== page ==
My Father’s Daughter

Missing you on your birthdayDad was born on February 5 so this day is always an emotional one for me.  Dad loved his birthday, which usually turned into a birthday week.  He saved all his birthday cards and every year around mid January, he would start to display them around the house, adding more from the collection each day and looking forward to new greetings.  There were always plenty of those; he was much loved. He always said we didn’t need to get him a new one each year but, of course, nobody  listened.  He would have been disappointed if we had.  He most cherished cards with a thoughtful note and he relished revisiting old wishes.  On the other hand, he was amused by cards being reused with a new message added – because he appreciated the practical approach.

As my siblings and I grew, we moved away for school or work and were separated by distance.  But those of us who were near, always gathered for Dad’s birthday supper and cake.  If any of us couldn’t make it home, we always checked in by phone and he anticipated the calls for days.  He loved to chat and laugh with family members.   In fact, he typically had multiple cakes and meals shared with various friends and extended family.

I miss Dad every day but on his birthday, his loss is especially strong.    We’ll toast his name and light a birthday candle for him today.

I was very close to my father, and by all accounts, am very much like him.  I made this digital scrapbook page to capture some of the similarities.

My Fathers Daughter layout
My Father’s Daughter is a digital layout created with products from scrapgirls.com

Do you have a family member who is very like you – or very different?  Challenge yourself today to write a story or do a layout to compare your personalities.  You’ll be glad to have the reminder and it will mean a lot to your children or grandchildren as it might help them understand why you (or they) act or look as they do.

10 Resources to help you tell your story

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How you choose to tell your story can be as individual and unique as you are. Here are 10 resources that might help you to write or record stories that keep people reading or listening.

1

One of my favourite sources of inspiration these days is Ted.com where there are short (average around 15-16  minutes) but powerful presentations on any topic.  There are also playlists to help you get started or choose talks around a particular theme.  Here is a good place to start for storytelling:  TED Talks Playlist – 6 talks on How to Tell A Story 

There is sure to be some inspiration in these entertaining and informative presentations

General writing tips

2

Want to write fiction? Here is step-by-step process that you could also apply in your own stories.
http://www.storyjumper.com/main/starter

3

Writing tips that are helpful whether you want to write biography or fiction.
http://goinswriter.com/writing-tips/

4

Quick tips for telling your story – public speaking or otherwise.
http://csi.gsb.stanford.edu/how-tell-your-story-impact

5

Reasons you should tell ALL your stories.
http://michaelhyatt.com/tell-your-story-the-good-and-the-bad.html

6

Resources and tips for preserving your life story.
http://www.your-life-your-story.com/whatandwhy.html

Oral history and digital storytelling

7

A not for profit organization dedicated to preserving oral histories for Americans of all backgrounds.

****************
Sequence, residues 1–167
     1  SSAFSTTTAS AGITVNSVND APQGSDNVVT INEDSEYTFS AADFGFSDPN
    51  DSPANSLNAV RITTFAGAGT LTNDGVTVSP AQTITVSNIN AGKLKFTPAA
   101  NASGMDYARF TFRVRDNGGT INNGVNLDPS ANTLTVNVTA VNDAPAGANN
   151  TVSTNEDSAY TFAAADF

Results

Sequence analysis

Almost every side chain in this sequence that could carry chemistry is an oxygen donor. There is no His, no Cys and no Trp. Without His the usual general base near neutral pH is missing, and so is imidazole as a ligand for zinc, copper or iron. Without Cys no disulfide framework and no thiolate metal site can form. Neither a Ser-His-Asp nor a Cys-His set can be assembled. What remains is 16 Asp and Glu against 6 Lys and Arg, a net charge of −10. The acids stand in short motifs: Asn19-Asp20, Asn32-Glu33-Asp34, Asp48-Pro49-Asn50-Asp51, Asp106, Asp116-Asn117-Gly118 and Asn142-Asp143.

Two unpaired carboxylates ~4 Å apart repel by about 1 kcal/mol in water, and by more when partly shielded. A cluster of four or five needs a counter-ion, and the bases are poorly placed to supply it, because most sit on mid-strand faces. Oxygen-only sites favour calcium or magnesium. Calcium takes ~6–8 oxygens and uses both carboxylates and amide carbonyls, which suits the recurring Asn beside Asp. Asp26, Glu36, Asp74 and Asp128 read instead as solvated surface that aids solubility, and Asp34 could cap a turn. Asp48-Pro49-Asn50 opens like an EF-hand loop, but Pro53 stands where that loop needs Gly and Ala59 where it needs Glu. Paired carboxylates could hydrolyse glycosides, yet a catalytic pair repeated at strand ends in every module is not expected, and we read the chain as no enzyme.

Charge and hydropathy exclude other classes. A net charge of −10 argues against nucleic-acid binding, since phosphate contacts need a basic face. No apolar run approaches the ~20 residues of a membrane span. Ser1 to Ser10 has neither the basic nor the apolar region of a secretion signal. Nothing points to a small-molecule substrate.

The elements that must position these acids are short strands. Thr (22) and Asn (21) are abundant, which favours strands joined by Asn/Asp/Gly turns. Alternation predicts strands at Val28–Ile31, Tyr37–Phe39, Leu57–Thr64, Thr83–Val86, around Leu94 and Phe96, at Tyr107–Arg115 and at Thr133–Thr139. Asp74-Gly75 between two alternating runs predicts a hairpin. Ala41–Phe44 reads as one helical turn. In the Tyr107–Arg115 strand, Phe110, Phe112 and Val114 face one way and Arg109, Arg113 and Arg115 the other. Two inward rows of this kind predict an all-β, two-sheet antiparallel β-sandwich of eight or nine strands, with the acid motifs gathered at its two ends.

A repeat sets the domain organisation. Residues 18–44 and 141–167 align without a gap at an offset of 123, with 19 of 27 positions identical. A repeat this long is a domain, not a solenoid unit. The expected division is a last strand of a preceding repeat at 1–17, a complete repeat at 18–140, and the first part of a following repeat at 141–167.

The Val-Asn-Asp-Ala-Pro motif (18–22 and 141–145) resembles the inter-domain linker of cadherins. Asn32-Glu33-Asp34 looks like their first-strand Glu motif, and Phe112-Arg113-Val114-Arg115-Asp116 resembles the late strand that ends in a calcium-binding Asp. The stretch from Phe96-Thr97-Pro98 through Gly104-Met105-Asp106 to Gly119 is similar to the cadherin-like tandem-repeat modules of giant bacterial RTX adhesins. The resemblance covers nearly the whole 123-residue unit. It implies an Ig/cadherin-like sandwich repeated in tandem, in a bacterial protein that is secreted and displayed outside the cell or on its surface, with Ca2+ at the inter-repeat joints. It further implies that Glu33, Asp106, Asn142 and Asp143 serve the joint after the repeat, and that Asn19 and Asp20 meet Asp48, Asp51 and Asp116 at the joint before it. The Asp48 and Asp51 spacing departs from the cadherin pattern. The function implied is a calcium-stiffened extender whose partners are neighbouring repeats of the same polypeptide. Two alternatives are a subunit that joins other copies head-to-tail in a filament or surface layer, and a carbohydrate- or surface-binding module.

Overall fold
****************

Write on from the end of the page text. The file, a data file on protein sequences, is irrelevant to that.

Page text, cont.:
http://storycorps.org/about/

8

Helen Bartlett offers plenty of links to sites with digital storytelling resources.
http://electronicportfolios.com/digistory/

9

Center for Oral History and Digital StoryTelling
http://storytelling.concordia.ca/

10

For an extensive collection of literary resources, you might want to visit the Great Writers Inspire blog.

These are just a few of the wide and seemingly endless variety of inspirational sites and books.  Please share your favorites in the comments.

Keep the stories – Lose the stuff!

I’m a collector. Some might say pack-rat is more accurate but, to be clear,  I don’t keep everything indiscriminately; I am big on recycling, reusing and donating. My problem is that I keep too much because I struggle to part with things that were gifts or that are associated with a trip, event or occasion.

For years, I have most often captured memories pictures and memorabilia. I am able to evoke many wonderful experiences – and some not-so-wonderful ones – by looking through these collected photos and artifacts. This can be nostalgic, even comforting. But there is a huge downside to this approach in that it tends to make it hard to let go of things because they evoke memories of people, places and activities that have been important.

In the past, I would start with the best of intentions to par down the various flotsam and jetsam accumulated through my life, an effort that more often than not ended with me traveling on a trip down memory lane perhaps making, at best, a small reduction in the amount of stuff.  Sometimes I convince myself that I might use /display / repair / re-purpose some particular item but usually it just went back in the box.  Which inevitably meant that I still needed to keep the box, even when I reduced the number of items it contained. I was eager to get more space and clear the clutter but struggled with letting go.

Recently, it hit me.  It is so simple! I don’t know why I didn’t realize this years ago.  In fact, I did realize that but didn’t take action on the connection.  What I am really collecting is stories.  I don’t need the stuff to keep the stories.  Instead, I need to make sure that I record the stories so I can release the associated things, hopefully to a new life out of storage and to use as intended.

And from that  realization, the origins of my Keep the Stories project.